How might you balance social responsibility and mental health recovery? In my mental health recovery, I have had to consider what responsibilities I have to myself vs. social responsibility.
Blaming others for their anxiety might be common, but it shouldn't be. Here's how I learned that lesson.
Depression makes me feel ashamed because it has a way of blurring the distinction between our symptoms and our character. When I get irritated by a comment, is the depression making me oversensitive or did I just not like the comment? When I decide to stay home instead of going out, is it the depression causing me to isolate myself, or do I just feel like staying home? And regardless of whether or not it is the depression, why do I feel so ashamed?
What is it like to hear voices in dissociative identity disorder (DID)? Hearing voices, sometimes known as auditory hallucinations, and having DID does not mean one is psychotic or delusional. Hearing voices is actually common with the disorder, but it is also a complicated topic for which a one-size-fits-all answer does not work. However, we can still understand the phenomenon of hearing voices when we examine how our alters influence us.
Finding a quiet space inside of you is important because anxiety is loud. It screams incessantly, warning us against threats seen and unseen, imminent and anticipatory, real and imagined. Our thoughts race noisily through our mind, and when they rev up to become obsessions and ruminations, they can turn our mind into a place more earsplitting than a Nascar track. No wonder anxiety causes symptoms like headaches, trembling, irritability, and, for me, the urge to curl into a ball with my hands over my ears screaming, "Shut up!" Believe it or not, you can turn off the race cars (slow and quiet your anxious, negative thoughts), and enjoy much-needed quiet in your mind. When anxiety is loud, find and cultivate the quiet space within you.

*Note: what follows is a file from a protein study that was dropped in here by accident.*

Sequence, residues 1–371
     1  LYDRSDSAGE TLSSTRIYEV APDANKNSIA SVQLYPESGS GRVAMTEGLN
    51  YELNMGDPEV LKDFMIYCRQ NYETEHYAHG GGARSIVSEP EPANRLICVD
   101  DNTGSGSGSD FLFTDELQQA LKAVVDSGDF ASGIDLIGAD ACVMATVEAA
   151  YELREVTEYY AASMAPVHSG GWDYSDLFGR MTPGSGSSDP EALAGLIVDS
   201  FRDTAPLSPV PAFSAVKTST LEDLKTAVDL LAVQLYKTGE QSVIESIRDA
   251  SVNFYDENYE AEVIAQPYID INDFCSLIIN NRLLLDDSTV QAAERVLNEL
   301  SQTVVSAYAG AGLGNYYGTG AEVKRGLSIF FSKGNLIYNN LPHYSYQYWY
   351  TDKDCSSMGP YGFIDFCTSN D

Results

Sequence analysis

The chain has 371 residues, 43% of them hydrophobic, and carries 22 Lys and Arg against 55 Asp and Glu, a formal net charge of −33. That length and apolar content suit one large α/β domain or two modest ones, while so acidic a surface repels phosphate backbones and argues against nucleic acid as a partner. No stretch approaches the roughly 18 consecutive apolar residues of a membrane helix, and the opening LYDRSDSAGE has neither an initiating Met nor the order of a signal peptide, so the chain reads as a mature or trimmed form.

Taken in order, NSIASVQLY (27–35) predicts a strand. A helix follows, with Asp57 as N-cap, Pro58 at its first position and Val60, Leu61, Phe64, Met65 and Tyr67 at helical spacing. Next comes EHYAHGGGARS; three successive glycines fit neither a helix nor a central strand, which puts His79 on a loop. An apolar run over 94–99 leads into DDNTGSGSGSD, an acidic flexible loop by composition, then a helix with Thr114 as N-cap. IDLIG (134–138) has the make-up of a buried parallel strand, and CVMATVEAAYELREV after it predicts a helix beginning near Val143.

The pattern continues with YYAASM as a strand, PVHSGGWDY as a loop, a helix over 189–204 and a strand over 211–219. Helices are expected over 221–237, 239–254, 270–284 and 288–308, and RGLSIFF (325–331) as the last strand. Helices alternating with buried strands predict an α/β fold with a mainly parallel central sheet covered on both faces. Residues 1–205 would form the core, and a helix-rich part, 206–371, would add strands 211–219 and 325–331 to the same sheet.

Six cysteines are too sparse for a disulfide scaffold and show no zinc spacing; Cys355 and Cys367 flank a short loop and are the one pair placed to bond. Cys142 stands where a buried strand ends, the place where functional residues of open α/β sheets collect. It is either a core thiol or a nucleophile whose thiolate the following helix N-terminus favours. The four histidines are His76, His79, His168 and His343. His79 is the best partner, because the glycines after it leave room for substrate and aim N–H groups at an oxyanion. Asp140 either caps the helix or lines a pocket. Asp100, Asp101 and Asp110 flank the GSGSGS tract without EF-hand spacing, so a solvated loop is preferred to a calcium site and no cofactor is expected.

My name is Krystle Vermes, and I am extremely excited to become an author of the Dissociative Living blog. As an individual living with dissociative identity disorder (DID), I feel like I can make a difference by sharing my personal experiences and knowledge on everything the condition encompasses.
Going with the flow seems to stand in contrast with reaching your goals. Whether you want to advance in your career, live healthier, or find stability, keeping to a schedule can help you move forward. However, some of life’s best experiences are completely unexpected. By going with the flow, you can open yourself up to a world of possibilities you may never have imagined like attending a Hare Krishna ceremony in Cali, Colombia.
I feel like there's never enough time, so I don’t understand how anyone ever feels bored. By definition, being bored suggests you don’t have any idea how to spend your time. I feel literally the exact opposite: on most days, I feel like I never have enough time to do even a fraction of what I’d like to do.
My name is Nicola Spendlove and I am very excited to be joining the HealthyPlace team as a new author on the "Mental Illness in the Family" blog. I'm going to be writing about my brother's experiences with depression and anxiety and how it has impacted us all.
In an interview, Lady Gaga recently talked about taking antipsychotics and her experience with psychosis. This is amazing. Few people with the eminence of Lady Gaga are willing to talk about these subjects -- let alone admit to direct, personal experience. If Lady Gaga takes antipsychotics and talks about her own psychotic break, are we finally okay with psychosis?